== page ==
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Jamaica’s National Security Minister Says Decriminalization Is Working

Mike Adams

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Ever since Jamaica made the decision earlier this year to decriminalize the possession of up to two ounces of marijuana, National Security Minister Peter Bunting claims the hostility that once brewed between its citizens and law enforcement due to decades of prohibition has given way to an overall peaceful community and a significant reduction in drug-related arrests.

Although he remains adamant that the island will not tolerate illegal cultivation operations, nor will it treat drug traffickers with any less severity, Bunting said Jamaica’s move to decriminalize marijuana has created a better environment by eliminating the potential for brutal clashes between cops and citizens stemming from laws against a plant.

“Communities saw young men who they did not regard as criminals being arrested, fined, and, sometimes, sentenced for possession of ‘ganja,'” Bunting said in a statement released Monday. “It gave them criminal records… eventually limiting their life chances.”

In February, the Jamaican legislature approved a measure to eliminate the criminal penalties associated with cannabis possession by making the offense a civil infraction with a penalty of a ticket rather than jail. The law also gives residents the freedom to cultivate up to five plants, which lawmakers anticipate will cut a hole into the pockets of street dealers.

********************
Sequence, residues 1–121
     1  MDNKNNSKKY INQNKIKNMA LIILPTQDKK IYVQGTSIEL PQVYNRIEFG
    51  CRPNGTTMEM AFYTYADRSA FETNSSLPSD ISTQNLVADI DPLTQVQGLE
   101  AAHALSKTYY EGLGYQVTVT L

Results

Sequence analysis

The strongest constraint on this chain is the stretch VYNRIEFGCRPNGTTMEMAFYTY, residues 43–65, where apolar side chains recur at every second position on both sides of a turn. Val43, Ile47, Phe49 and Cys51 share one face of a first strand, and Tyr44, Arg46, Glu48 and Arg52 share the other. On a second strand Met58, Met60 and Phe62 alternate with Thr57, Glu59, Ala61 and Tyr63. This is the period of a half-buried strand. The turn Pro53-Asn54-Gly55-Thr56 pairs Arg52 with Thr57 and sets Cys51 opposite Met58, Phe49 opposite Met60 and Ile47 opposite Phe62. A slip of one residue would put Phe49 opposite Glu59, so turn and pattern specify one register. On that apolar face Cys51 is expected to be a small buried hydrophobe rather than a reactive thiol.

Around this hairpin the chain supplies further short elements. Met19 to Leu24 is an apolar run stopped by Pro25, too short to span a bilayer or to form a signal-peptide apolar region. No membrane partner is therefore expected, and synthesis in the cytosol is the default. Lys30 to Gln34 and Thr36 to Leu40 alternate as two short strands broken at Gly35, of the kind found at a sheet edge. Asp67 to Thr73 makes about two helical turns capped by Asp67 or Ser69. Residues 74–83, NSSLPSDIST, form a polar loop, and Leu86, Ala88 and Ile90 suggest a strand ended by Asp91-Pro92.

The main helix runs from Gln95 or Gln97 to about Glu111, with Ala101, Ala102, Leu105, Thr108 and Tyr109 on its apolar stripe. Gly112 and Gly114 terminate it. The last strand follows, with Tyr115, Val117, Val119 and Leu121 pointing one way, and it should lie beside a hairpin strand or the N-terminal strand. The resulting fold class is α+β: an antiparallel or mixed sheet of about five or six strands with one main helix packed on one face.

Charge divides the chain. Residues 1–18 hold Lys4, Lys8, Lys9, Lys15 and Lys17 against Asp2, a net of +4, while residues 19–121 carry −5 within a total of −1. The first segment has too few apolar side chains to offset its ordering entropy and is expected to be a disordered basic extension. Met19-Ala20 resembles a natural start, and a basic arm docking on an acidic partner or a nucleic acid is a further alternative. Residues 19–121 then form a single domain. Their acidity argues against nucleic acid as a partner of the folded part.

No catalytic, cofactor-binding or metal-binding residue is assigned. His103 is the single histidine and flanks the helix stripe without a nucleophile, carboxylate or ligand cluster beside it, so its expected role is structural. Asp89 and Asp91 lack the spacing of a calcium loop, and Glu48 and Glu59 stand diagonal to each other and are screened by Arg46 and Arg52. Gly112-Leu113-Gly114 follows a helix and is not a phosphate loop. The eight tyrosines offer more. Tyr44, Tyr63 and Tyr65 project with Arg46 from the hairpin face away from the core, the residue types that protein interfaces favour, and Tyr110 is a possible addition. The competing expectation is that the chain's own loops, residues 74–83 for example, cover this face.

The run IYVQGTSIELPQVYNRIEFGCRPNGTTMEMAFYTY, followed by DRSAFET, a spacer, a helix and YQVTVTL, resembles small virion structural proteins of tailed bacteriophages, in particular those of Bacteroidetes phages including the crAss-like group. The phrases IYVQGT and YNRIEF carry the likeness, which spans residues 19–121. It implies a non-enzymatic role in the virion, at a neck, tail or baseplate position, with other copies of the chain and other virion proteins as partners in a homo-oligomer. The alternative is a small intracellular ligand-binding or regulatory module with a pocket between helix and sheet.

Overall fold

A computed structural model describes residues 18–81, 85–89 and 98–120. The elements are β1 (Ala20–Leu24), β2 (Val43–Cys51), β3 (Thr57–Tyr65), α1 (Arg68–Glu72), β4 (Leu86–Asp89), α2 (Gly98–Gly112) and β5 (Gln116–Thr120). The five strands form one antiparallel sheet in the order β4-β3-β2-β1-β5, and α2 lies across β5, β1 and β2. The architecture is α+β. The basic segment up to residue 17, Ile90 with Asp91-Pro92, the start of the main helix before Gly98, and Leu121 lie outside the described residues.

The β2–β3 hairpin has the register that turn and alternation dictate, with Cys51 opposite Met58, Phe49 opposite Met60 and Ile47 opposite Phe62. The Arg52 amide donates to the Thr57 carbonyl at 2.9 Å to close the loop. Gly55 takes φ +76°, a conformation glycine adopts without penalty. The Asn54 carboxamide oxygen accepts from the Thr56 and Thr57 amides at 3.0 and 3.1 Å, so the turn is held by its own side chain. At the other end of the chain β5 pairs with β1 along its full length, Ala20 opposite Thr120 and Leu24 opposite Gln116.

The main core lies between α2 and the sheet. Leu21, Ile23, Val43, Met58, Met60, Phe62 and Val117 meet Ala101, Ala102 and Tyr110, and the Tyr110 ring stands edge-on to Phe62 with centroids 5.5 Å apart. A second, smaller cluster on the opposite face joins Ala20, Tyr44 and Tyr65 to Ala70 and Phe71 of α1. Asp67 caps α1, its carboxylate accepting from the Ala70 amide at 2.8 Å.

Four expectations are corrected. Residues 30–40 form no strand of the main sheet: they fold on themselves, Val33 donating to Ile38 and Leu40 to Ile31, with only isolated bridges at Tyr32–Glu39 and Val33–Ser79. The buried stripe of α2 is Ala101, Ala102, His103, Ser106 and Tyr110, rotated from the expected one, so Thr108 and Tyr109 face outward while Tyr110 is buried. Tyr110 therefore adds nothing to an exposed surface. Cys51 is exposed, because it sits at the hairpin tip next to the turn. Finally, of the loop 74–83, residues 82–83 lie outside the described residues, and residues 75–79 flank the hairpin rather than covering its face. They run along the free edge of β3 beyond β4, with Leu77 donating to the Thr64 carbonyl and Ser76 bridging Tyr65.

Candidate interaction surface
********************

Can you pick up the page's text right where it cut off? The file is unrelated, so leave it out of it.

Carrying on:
This simple adjustment to the law has not only created conflict-free surroundings, but, as Bunting said, it has contributed to the decline of marijuana-related arrests. It has provided authorities with more time and resources to bring the hammer down on real criminal degenerates.

“I believe that the police must use their (resources and energy) going after the real problems in crime,” Bunting said.

The Justice Ministry predicts the new law will have “positive implications” for the community, while continuing to ease the island’s overloaded court system. In the meantime, lawmakers are using a provision of the new law to create a Cannabis Licensing Authority that will oversee the island’s medical marijuana industry, and High Times will be holding its World Cannabis Cup in Negril, Jamaica this November.

 

Mike Adams is a High Times Staff writer hailing from the darkest depths of the Armpit of America—Southern Indiana.

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